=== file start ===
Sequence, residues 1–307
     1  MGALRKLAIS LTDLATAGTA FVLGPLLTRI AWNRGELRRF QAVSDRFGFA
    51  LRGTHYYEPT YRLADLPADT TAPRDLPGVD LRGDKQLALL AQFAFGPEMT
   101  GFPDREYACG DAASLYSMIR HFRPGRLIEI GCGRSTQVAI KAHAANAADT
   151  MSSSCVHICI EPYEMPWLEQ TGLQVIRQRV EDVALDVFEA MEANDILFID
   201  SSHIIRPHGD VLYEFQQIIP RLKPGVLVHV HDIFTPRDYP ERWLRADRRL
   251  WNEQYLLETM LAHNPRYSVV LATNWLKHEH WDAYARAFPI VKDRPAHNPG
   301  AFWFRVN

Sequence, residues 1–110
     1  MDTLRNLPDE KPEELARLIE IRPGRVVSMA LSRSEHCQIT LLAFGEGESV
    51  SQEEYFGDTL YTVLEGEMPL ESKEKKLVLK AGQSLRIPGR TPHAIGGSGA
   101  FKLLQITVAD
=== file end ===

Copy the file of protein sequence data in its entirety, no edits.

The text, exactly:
Sequence, residues 1–307
     1  MGALRKLAIS LTDLATAGTA FVLGPLLTRI AWNRGELRRF QAVSDRFGFA
    51  LRGTHYYEPT YRLADLPADT TAPRDLPGVD LRGDKQLALL AQFAFGPEMT
   101  GFPDREYACG DAASLYSMIR HFRPGRLIEI GCGRSTQVAI KAHAANAADT
   151  MSSSCVHICI EPYEMPWLEQ TGLQVIRQRV EDVALDVFEA MEANDILFID
   201  SSHIIRPHGD VLYEFQQIIP RLKPGVLVHV HDIFTPRDYP ERWLRADRRL
   251  WNEQYLLETM LAHNPRYSVV LATNWLKHEH WDAYARAFPI VKDRPAHNPG
   301  AFWFRVN

Sequence, residues 1–110
     1  MDTLRNLPDE KPEELARLIE IRPGRVVSMA LSRSEHCQIT LLAFGEGESV
    51  SQEEYFGDTL YTVLEGEMPL ESKEKKLVLK AGQSLRIPGR TPHAIGGSGA
   101  FKLLQITVAD